Spare Us Your Fake Identity and Bogus Chutzpah — We Know Who You Are
Ah, the good ole days. The B.G. Era (Before Google), when shady people and other culprits could lie their way through life and clean your clock.
Business partnerships, investment opportunities, and a bogus home improvement. Like that crater in your backyard that was supposed to be the family swimming pool.
Howdy, neighbor. By any chance, did you see my contractor?
Oh, you mean that con man with the pencil over his ear and your twenty grand in his back pocket.
Yeah, that’s him.
No, I haven’t. Not since he skipped town.
Just like our swimming pool sham, builders like this could fudge their credentials and murky past. If outed, they would change their name, and number, and paint the trucks.
Good luck finding them. Many moved away to fleece other victims. In the end, most of these goons got away with this stuff. Crazy, right?
There were no search engines or websites to research and verify their track records. If these hucksters could scrub their personal histories by reinventing themselves, how did you uncover this nonsense?
Most often, you didn’t. Back in the B.G. Era, it was difficult, time-consuming, and very expensive with no guaranteed results. Imagine that? And the stakes could be high — awful high.
A prospective employer, salesman, or partner who in fact was dicey and dishonest. If you bought Mister Charm’s bait, you could have magic beans and misery. (I did, and that’s another article).
Back in the day, I also worked for a private investigator. The legwork, time, and phone calls finding these monsters have been replaced with parlor magic like MyLife and Intelius. You need to find somebody, presto — social media, online records, and the various links to cross-reference from a web search.
This is why I can’t believe the number of scammers popping up every day. For all the Internet’s negativity and downside, it’s a real boon for saving time if you know what it is and who it is you’re looking for.
Disclaimer: Within reason. I’m not talking about that African Prince and email buddy. Those characters aim to snare your bank accounts in lieu of transferring fortunes.
The Internet also provides a climate of transparency. Once we sniff out the BS, we fumigate and surf somewhere else.
I don’t mean those charlatans on Facebook either — the ones living the high life. The rock star vacations, steakhouse dinners, and gangsta lifestyles--yeah, those. Come on, man — gimme a break.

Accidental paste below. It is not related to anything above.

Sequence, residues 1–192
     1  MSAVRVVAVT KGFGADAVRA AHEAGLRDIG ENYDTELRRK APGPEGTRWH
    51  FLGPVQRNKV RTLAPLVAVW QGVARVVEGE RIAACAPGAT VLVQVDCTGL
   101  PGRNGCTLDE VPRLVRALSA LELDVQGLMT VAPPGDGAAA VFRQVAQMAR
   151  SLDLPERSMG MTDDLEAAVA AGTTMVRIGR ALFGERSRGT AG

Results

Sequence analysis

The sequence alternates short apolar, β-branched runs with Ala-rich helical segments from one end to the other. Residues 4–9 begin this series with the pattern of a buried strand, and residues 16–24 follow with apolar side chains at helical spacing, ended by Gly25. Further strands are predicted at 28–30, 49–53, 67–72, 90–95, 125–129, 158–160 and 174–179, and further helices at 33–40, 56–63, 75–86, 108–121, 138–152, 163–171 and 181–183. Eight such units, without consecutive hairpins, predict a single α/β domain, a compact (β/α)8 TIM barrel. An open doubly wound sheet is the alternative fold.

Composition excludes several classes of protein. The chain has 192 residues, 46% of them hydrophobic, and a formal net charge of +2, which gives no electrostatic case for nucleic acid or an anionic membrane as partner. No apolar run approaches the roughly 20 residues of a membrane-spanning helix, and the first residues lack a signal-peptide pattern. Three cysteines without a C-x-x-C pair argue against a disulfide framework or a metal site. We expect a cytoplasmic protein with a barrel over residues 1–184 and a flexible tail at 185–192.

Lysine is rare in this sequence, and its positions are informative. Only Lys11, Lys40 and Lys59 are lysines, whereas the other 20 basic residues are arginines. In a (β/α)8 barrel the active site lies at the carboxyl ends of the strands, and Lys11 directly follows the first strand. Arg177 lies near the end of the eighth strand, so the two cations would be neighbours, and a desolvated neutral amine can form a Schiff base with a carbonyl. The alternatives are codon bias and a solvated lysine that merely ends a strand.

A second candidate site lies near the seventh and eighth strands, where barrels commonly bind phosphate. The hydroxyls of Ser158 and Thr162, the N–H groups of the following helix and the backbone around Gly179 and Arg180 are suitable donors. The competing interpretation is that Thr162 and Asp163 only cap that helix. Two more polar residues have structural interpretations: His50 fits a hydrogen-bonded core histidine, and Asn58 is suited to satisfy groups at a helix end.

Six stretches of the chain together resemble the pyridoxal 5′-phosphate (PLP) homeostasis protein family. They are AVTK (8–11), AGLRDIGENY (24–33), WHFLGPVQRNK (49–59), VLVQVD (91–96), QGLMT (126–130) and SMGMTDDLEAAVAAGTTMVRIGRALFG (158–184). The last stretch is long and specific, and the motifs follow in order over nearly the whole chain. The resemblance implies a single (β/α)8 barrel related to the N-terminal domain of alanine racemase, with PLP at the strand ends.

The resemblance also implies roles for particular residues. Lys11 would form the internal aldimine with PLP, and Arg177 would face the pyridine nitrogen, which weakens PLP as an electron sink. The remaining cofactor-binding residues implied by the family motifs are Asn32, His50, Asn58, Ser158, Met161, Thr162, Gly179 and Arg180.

We all know Facebook’s an acid trip to Disneyworld. Sure, the Magic Kingdom has roads and bridges and feels like a real place, but it’s far from real. Ignore these jokers and their shenanigans.
Even if the showing off has some cred, who cares? Real success is humble and inspirational, not in-your-face hogwash. The people you want to learn from are the ones who grind it out. The ones who took ten, fifteen, and twenty years to become an ‘overnight success’.
The bigger issue for most of us is the lines between honesty and how much authenticity we decide to share. How do we present ourselves without going over the edge of credibility? We want to make a formidable impression with the facts, not the ‘filler’.
Reminded of all this when I was recently invited to interview with a sports and entertainment agency. After reviewing my resume and cover letter, I was contacted with an opportunity for a position that differed from the one I applied for.
I’m a realist, guessing it wasn’t a mistake. Another cocky company practicing the shell game — recruiting piss ants they don’t want to pay, much less cultivate.
As an opportunist, I felt they might be in need of my experience and skills in the original capacity. Employment ads might mean business is robust and expanding. A good situation for all while wondering if I overreacted without hearing their side of the story.
When I inquired about the original pitch versus the new one, I got Runaround Sue. Sue’s attitude suggested I needed to be more gracious and appreciative for being chosen and considered.
Sue wanted me to get in line, be a good soldier, and stop asking questions. Didn’t I know I was on deck for the opportunity of a lifetime? Uneasy with the interview slot, I told Sue I’d get back to her.
When I researched the firm, I discovered a cult leader masquerading as a founder and CEO. The one and only, ‘Paulie G’. (Not kidding — no last name, even in the firm’s mission statement).
Mister G liked to strut his stuff at VIP events while collecting selfies with pro athletes and other celebs. Treating the troops to half-a-day Fridays and all you could eat Korean barbecue, before speeding off in his Maserati for the next adventure.
When things look and sound too good to be true, you know the rest. I could care less about Paulie G’s real name. My curiosity centered on his work history and volcanic rise to Business Developer and Marketing Guru.
Apparently, Paulie G had previous companies that all went bust. The current one had also been regenerated, in the middle of another rebranding and renaming effort.
I don’t want to insinuate Paulie G’s a shady character. An uber-inflated ego isn’t a crime, nor unethical, despite the rocky roads it often travels.
Outside the entertainment value, my research uncovered the ‘falling out’ with former partners and agencies Paulie G co-founded. All this snooping from a desktop in my one-bedroom apartment. We’ve come a long way, sweetheart.
After connecting these dots, I emailed Runaround Sue to remove my candidacy. What’s the point in calling Sue and Paulie out? Instead, I wrote this article.
By changing their name and location, they don’t change a thing. It’s just a different version of hooliganism.
Spare us the bogus identity, lifestyle, and accolades. We all have the time and tools to snuff the fraudsters out.